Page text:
The final reason is somewhat more practical. Paul talked of the “mystery” of marriage (Ephesians 5:31). When God spoke of two people being joined as one, He was referring to something we’re only beginning to understand in a real, physiological way. When two people are intimate, the hypothalamus releases chemicals that induce feelings of attachment and trust. Having sex outside of marriage means allowing your body to attach to and trust someone whom you do not have a committed relationship with. The definition of trust in the mind deteriorates. To have that kind of link with someone without the security of being in the state of working together toward God is dangerous. Two individuals who are—even mildly—physiologically obsessed with each other but not committed to growing in God as a couple can be torn apart from God and His plans for them. Conversely, if two people make a conscious,deliberate choice to commit, and then allow the intimacy that releases these chemicals, the body can reaffirm the connection the mind has made. The physiological feelings of trust and attachment are reinforced by the reality of the relationship. In this way, two people become one in a physical way that reflects what God has done spiritually.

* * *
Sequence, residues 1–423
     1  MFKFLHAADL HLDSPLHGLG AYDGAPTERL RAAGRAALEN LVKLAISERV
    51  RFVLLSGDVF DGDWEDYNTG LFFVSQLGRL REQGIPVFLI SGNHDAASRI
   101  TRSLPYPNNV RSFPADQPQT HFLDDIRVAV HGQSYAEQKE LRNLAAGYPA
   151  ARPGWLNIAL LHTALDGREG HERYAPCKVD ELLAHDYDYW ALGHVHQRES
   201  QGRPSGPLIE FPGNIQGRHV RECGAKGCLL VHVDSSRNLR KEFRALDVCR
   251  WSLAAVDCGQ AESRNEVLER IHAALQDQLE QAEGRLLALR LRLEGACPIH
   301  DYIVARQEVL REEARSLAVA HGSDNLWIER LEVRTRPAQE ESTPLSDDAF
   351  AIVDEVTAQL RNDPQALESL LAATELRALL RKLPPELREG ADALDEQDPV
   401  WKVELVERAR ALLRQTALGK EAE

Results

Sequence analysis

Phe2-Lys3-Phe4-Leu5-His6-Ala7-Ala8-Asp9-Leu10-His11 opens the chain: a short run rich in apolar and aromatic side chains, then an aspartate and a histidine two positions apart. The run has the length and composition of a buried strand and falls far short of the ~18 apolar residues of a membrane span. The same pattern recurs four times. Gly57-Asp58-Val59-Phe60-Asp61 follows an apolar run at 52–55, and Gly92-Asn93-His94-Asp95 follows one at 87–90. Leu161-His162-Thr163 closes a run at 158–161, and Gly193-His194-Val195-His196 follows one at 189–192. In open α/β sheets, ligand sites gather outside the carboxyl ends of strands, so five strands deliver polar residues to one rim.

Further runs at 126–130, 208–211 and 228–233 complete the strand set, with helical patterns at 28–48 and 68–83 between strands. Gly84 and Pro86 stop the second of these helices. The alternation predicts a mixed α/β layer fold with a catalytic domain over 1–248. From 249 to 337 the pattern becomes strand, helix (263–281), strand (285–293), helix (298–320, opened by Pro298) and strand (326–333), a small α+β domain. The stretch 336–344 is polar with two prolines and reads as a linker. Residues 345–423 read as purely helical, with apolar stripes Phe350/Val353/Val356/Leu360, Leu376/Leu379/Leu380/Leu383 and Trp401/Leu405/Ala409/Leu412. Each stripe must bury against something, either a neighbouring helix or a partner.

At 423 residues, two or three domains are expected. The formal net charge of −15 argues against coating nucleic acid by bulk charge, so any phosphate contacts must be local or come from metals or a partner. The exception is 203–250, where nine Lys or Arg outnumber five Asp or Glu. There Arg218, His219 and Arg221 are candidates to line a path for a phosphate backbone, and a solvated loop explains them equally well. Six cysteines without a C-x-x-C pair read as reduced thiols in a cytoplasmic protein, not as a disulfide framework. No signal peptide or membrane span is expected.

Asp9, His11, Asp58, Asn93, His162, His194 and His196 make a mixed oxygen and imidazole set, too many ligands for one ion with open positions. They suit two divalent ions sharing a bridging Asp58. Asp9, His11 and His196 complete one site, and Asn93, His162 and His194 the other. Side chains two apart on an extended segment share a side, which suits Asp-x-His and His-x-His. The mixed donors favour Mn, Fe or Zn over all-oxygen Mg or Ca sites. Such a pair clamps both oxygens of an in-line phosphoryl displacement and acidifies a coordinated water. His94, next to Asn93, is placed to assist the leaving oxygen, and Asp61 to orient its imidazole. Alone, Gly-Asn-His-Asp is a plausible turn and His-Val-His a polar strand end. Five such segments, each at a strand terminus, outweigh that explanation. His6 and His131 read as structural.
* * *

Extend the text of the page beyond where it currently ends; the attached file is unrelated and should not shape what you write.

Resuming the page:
I’m not saying that good choices are valueless, nor am I saying that sinful choices have no effect. What I’m saying is that when we allow our choices, good or bad, to become a barometer for our righteousness, we sinfully worship at the throne of our own goodness. But when we worship at the throne of grace, we understand that it is God and God alone who makes us worthy of anything,including a spouse. So basically, ladies our worth is not in whether you are still a virgin or not. Our worth is found in the righteousness of Christ. You can be a virgin but if you are not following the commandments of God then what’s the good in that?